One of the first things I noticed about the Falcon
box was that it featured a flip-up front cover like some of the older LEGO boxes had. But unlike the older LEGO sets, underneath the cover wasn't a plastic window where you can gaze upon the insides and see some of the goodies you'll be getting. Instead, there was just more artwork, including an extremely large mockup of the now infamous Death Star Space scene and the numbers that bring dread to everyone's ears: 10131. There's no doubt it's a TIE set of some sort, but I digress.
For $99.99, you get 985 pieces which is a pretty good price per parts ratio and more than 300+ parts than the previous incarnation
. When I opened the box, I immediately noticed a correction sheet and some loose plates. Seems like step 57 wasn't quite right and the plates were necessary to fix the flaw. I spent about 3 and a half hours on and off building the set while watching TV. I have mixed feelings about the construction.
First things first: the minifigs. Han and Leia are peach or "flesh-toned" or whatever the proper term is. i don't like them. I wish they stuck with yellow. Leia comes in her Hoth outfit as does Han, but the instruction manual for Han shows him with a tan colored torso design whereas the minifig you actually get is dark blue. Chewie and Threepio are always a treat to get. And the snowtrooper is a little lame if you ask me. The inclusion of the Snowtrooper recreates a very specific scene, a scene that has more than one Snowtrooper and when you compare the Falcon
to the E-web Cannon, it's almost ridiculous to think that the ship was scared of this puny thing. But eh, not like there are a lot of opportunities to amass a Snowtrooper army for cheap. It should be noted that the Snowtrooper torso is incorrect and what you get instead is a Clonetrooper torso. Call LEGO Shop at Home for a replacement.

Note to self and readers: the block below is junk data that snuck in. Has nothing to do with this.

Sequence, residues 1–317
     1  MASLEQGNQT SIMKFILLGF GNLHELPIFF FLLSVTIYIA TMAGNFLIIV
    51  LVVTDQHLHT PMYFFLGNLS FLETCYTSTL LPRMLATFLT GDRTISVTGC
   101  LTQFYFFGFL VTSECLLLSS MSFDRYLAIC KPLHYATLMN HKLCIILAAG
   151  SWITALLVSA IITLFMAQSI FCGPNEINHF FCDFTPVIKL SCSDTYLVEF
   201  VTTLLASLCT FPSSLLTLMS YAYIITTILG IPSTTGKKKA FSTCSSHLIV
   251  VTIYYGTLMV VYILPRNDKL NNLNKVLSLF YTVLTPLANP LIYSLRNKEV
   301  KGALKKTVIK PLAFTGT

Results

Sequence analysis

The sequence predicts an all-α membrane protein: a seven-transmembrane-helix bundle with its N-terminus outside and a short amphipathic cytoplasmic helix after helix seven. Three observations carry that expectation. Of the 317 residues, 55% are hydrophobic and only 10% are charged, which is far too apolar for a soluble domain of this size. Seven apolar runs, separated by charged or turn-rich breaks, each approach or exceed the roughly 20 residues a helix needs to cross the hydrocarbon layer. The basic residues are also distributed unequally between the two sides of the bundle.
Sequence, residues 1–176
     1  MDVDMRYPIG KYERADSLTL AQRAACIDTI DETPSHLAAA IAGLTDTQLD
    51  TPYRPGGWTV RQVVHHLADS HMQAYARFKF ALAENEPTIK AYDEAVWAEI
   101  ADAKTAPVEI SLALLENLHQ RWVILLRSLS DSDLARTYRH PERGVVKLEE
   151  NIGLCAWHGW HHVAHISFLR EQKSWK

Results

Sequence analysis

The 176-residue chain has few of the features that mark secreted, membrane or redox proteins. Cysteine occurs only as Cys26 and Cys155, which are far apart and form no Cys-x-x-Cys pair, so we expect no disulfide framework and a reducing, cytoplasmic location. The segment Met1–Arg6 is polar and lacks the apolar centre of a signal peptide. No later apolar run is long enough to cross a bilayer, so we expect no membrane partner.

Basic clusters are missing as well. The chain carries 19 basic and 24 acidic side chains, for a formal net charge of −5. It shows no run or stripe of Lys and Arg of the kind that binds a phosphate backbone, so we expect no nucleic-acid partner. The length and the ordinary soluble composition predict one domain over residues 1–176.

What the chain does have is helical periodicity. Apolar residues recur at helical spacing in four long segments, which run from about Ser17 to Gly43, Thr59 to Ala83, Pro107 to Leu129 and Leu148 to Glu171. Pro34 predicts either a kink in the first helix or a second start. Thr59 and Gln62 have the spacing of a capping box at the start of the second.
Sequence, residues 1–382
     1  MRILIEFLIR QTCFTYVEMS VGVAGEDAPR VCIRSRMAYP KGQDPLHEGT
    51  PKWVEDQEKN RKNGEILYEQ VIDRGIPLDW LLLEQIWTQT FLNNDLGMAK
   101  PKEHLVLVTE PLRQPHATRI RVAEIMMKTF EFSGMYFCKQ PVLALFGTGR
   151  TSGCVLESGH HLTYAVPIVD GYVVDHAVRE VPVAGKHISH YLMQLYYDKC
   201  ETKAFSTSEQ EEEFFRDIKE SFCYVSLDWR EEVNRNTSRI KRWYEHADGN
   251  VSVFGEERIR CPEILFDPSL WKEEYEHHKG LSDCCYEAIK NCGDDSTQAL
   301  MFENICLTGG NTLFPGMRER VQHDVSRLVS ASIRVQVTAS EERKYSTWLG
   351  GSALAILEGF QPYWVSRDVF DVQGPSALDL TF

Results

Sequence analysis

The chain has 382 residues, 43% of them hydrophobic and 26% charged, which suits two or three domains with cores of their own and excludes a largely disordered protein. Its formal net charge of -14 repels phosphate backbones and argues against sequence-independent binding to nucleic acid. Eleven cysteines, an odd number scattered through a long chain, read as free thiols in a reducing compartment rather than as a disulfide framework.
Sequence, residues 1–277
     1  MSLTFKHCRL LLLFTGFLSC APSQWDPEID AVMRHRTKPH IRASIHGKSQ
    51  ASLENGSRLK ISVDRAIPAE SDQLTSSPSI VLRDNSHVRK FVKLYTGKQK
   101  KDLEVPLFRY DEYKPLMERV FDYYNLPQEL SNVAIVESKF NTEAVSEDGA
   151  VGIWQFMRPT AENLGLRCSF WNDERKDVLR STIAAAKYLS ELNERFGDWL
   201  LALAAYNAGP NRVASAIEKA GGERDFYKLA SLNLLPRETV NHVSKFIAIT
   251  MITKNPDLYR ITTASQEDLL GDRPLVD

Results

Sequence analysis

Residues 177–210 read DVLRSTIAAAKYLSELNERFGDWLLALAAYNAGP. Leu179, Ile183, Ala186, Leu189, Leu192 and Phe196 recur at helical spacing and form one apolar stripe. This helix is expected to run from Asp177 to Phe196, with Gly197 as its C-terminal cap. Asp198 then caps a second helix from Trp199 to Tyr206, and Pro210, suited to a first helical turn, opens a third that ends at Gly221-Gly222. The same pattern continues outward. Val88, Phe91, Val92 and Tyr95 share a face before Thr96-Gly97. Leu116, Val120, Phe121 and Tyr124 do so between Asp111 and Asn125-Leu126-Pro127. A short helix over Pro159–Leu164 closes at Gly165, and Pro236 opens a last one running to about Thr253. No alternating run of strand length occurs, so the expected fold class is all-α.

I enjoyed the build and the high number of parts gave it a level of detail the first Falcon
never achieved. The designers went out of their way to include detail after detail in the interior. There is now a full pathway around the 95% of the ship, 5% being blocked by the escape pod. Speaking of escape pod, the designers must have had this cartoon
in mind when they designed it, because it is now fully enclosed, but it's so big it blocks part of the interior walkway. On the opposite side of the ship, if you pull out the docking bay part way, a walkway lowers to the ground. Awesome detail. The Dejarik hologram board is back and there is now a nice constructed hyperdrive engine. Although there isn't a hidden floor panel where you can hide the rebels during an Imperial inspection, the floor is hollow and with a little work you should be able to customize that feature. Although not perfect, given the constraints of the design and the brick, the top gunner station is a nice addition and will in fact seat a minifig. A complementary belly gunner station was not included, but that's the beauty of LEGO, you can make one yourself if you're so inclined.